Decluttering [5 Life Areas]
[5 Life Areas]
SUPERHUMAN SCORE: 8.5
“Even though we have about 3x more space per person than we used to in the 1950s… we’ve got so much stuff, we need space on top of that. So there's a 2.2 billion square foot personal storage industry.”—Graham Hill (Minimalism, documentary)
Our houses have gotten larger, but we feel more cramped than ever.
Our society has become wealthier, yet studies show we’re unhappier.
Why? We chase the wrong things.
Let’s change that.
In every edition of System Sunday, I assess the featured system across three superhuman dimensions: impact, setup, and maintenance.
Unlike your typical review, I focus on factors that influence personal growth. Get to know the evaluation system.
Minimalism is the disciplined pursuit of less.
Why is minimalism important?
- An uncluttered space cultivates an uncluttered mind.
- You can avoid the hedonic treadmill (i.e., pursuing one pleasure after another without experiencing any material change in happiness).
- If you own less, you have more options and freedom. Have you ever felt that a possession owns you rather than the other way around?
Perhaps you agree that minimalism is desirable.
But how can you actually achieve it?
Declutter 5 life areas…
1. Physical Clutter
Pare down to essential items.
Then, manage both inbound & outbound possessions.
- Choose quality > quantity
- Purchase less; love every single item more
- Follow the 1 In, 1 Out Rule: “If you buy one item—donate, sell, or toss another.”
2. Digital Clutter
The overlap of the most productive and happiest people of the future will share something in common: organized digital lives.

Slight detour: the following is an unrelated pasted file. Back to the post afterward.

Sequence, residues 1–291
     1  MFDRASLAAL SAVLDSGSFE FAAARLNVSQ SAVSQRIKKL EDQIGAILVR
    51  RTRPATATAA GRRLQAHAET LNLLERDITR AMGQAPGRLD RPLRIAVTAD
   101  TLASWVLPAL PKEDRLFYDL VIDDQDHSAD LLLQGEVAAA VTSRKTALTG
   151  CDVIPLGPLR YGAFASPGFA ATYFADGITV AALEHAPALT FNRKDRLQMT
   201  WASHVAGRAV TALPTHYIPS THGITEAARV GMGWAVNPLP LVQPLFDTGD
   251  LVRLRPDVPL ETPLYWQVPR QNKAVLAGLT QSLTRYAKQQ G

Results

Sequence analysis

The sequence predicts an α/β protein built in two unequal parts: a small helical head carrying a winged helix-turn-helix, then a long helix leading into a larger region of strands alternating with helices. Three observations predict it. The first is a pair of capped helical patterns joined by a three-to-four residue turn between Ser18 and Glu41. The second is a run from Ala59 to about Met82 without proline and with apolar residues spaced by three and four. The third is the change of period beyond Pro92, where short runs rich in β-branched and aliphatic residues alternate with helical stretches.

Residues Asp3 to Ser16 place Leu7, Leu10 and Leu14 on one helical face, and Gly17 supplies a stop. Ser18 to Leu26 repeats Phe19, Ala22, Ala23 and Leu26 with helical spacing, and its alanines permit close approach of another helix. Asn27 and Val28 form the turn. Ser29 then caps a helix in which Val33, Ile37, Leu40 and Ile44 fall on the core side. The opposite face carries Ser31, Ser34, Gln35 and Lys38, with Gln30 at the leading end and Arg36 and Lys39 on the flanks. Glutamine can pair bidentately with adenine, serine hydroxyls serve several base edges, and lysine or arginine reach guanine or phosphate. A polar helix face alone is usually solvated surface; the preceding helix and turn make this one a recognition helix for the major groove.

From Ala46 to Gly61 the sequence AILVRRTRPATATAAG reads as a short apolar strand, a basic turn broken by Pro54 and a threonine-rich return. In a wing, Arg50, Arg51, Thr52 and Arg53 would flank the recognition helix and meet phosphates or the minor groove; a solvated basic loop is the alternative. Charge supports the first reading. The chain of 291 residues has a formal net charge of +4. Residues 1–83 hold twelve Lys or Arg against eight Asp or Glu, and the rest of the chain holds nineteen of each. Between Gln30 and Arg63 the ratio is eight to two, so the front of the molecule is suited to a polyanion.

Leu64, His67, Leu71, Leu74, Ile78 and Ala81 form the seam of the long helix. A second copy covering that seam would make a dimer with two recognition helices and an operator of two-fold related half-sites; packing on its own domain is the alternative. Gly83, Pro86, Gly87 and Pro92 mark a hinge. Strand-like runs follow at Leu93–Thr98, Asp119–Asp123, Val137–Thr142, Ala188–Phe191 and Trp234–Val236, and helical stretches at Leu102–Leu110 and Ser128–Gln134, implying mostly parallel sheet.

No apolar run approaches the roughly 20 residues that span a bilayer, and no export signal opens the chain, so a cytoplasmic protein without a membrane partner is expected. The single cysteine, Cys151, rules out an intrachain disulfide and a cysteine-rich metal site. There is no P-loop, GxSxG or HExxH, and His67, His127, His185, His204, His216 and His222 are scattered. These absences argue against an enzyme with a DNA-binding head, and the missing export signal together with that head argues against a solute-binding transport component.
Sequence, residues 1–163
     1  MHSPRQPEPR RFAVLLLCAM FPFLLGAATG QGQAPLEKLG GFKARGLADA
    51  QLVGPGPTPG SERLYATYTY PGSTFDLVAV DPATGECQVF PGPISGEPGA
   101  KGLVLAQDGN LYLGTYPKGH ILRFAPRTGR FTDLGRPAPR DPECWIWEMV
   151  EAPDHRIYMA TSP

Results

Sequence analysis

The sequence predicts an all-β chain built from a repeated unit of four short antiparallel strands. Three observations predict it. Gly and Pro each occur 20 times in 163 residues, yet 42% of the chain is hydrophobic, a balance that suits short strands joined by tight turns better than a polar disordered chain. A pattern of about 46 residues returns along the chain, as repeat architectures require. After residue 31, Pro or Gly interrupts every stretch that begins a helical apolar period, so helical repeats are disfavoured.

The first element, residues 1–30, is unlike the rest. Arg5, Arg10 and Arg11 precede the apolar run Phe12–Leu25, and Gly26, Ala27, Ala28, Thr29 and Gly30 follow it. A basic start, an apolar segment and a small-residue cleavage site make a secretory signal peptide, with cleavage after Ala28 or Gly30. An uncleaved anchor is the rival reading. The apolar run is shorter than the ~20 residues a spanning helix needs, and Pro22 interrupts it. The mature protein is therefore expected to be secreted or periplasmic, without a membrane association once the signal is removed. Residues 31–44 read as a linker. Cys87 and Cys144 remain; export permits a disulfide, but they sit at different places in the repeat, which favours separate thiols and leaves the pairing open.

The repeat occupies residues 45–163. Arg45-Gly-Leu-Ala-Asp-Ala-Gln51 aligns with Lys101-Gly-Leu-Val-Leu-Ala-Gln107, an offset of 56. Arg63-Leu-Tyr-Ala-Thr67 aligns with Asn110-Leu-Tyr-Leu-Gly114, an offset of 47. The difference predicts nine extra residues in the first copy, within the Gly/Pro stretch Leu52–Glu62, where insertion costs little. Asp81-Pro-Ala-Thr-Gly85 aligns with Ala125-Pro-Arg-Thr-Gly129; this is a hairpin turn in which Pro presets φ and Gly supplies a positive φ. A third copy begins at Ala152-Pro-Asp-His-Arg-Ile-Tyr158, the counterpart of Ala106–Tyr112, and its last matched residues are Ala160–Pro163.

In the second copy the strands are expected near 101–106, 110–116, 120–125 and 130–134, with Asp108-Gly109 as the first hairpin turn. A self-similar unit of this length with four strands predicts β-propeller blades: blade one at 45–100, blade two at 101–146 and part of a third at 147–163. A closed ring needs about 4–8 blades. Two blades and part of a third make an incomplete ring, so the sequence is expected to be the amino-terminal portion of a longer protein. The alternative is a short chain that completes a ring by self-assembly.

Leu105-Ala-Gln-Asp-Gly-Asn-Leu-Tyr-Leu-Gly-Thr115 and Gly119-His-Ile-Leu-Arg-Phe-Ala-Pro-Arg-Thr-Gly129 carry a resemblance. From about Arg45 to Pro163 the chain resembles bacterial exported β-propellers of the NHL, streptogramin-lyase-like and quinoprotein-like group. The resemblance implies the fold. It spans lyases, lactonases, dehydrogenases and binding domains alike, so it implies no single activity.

- Turn off notifications
- Organize projects in tools like Notion or Trello
- Manage email with the 3-21-0 Method
- Use a password manager (I like 1Password)
- Tidy your mobile images; offload saves to the cloud
3. Relationship Clutter
Evaluate your relationships.
- Spend more time with people who give you energy
- Spend less time with people who steal your energy
- If you're introverted, block out time to be alone
4. Financial Clutter
Simplify your finances:
- Use your money to buy time
- Cancel unused subscriptions
- Automate your bills, savings, investments
- Pay off debt with the Avalanche Method
- Budget with the 50/30/20 Rule (50% Needs, 30% Wants, 20% Savings)
5. Time Clutter
Create unstructured, open space in your life.
- Block out time for non-doing on your calendar
- Take a break from social media and the news
- Accept fewer meetings
- Make “No” your default
More on that last bullet:
Whether it's new work projects or social gatherings, saying ‘Yes' to non-priorities ruins your priorities.
In the words of Derek Sivers, “If your immediate reaction to an inbound request is not a ‘hell yeah!’ then your answer should be ‘no.’”
There are five months left in 2023.
Rather than trying to declutter everything immediately, focus on one life domain each of the next five months.
It could look something like this:
- August: Time Clutter
- September: Physical Clutter
- October: Digital Clutter
- November: Relationship Clutter
- December: Financial Clutter
Feel free to rearrange based on what you need the most.
I recommend starting with “time clutter” because it creates the space to work on everything else.
BRINGING IT HOME
Your environment is either creating clarity or complexity.
Make minimalism your path to clarity.
All systems go,
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